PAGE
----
OK, that's the end of the section from Setter (2005). Are you still with me?

On South West Trains, some of the announcements are something like the following:

(6)         This is the South West Trains service from London Waterloo to Reading, calling at Vauxhall, Clapham Junction, Putney, Richmond, Twickenham, Hounslow, Feltham, Ashford, Staines, Egham, Virginia Water, Longcross, Sunningdale, Ascot, Martin's Heron, Bracknell, Wokingham, Winnersh, Winnersh Triangle, Earley and Reading.

(7)         The next station is Sunningdale.

(8)         This station is Sunningdale.  The next station is Ascot.

These announcements are clearly made up of "slots" - e.g.:

(6a)       This is the (slot 1) service from (slot 2) to (slot 3), calling at (slots 4, 5, 6 ...) .... and (slot 7).

(7a)       The next station is (slot 1).

(8a)       This station is (slot 1).  The next station is (slot 2).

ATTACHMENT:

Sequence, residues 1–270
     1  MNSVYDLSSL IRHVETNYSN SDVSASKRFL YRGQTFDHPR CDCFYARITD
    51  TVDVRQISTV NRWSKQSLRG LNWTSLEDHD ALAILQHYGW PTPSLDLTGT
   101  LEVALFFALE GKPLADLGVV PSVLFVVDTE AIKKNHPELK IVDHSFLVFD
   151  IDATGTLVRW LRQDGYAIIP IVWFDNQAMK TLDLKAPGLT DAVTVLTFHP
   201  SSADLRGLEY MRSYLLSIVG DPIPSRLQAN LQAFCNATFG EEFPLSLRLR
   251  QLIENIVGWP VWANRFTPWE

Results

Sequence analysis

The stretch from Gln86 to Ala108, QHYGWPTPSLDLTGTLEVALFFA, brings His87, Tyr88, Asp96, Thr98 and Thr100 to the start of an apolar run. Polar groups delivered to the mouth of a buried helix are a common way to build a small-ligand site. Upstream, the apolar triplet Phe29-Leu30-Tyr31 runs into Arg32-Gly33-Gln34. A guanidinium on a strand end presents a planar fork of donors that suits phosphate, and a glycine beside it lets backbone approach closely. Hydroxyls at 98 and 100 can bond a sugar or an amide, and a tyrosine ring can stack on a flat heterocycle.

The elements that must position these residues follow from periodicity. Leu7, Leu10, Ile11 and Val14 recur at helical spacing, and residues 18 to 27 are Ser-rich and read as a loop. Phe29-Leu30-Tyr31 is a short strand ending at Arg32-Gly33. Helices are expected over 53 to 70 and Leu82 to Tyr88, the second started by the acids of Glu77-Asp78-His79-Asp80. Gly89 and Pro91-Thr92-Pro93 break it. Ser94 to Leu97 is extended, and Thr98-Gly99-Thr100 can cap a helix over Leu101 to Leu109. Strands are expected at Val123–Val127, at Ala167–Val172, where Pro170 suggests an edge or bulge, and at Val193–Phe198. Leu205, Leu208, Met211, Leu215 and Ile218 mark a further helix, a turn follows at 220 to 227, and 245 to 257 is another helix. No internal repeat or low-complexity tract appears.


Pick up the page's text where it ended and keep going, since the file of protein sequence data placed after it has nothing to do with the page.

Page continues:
In order to do this, the company producing the announcements has to have some kind of idea of how intonation works. Among other things, we are dealing with a list in (6) and (6a), so some slots will have an intonation pattern which indicates the speaker has not got to the end of the list, requiring a referring (r) tone of some kind - i.e., slots 2, 4, 5 and 6 in (6a) - and a pattern which indicates the end of a list, requiring a proclaiming (p) tone of some kind - i.e., slots 3 and 7 in (6a). The company has therefore recorded two versions of each town/city at which the train stops, one with an r tone and one with a p tone. In (7a), the p tone is used in slot 1 as this is a statement.